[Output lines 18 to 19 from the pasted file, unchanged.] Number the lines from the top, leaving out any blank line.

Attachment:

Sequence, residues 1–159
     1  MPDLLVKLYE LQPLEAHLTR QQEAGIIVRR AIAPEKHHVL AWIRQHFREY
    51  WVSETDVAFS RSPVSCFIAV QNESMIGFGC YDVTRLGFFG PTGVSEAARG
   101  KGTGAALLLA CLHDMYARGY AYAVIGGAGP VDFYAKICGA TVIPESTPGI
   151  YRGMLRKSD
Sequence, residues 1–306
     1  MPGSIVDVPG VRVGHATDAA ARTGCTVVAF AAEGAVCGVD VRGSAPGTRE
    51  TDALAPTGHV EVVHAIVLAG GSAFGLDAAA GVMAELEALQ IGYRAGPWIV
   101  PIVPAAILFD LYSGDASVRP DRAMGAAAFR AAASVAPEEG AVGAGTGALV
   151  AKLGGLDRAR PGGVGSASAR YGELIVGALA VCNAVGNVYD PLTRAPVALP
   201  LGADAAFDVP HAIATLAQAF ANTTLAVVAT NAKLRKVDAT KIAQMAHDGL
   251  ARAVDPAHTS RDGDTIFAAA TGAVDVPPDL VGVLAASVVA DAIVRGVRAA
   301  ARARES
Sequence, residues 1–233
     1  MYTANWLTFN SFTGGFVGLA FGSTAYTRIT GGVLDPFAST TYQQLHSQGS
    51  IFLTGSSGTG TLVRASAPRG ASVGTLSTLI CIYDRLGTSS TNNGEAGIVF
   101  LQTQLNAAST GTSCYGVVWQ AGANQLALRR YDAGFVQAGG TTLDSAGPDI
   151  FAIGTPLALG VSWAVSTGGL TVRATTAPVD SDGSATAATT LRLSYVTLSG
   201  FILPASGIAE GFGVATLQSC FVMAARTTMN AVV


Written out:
   151  FAIGTPLALG VSWAVSTGGL TVRATTAPVD SDGSATAATT LRLSYVTLSG
   201  FILPASGIAE GFGVATLQSC FVMAARTTMN AVV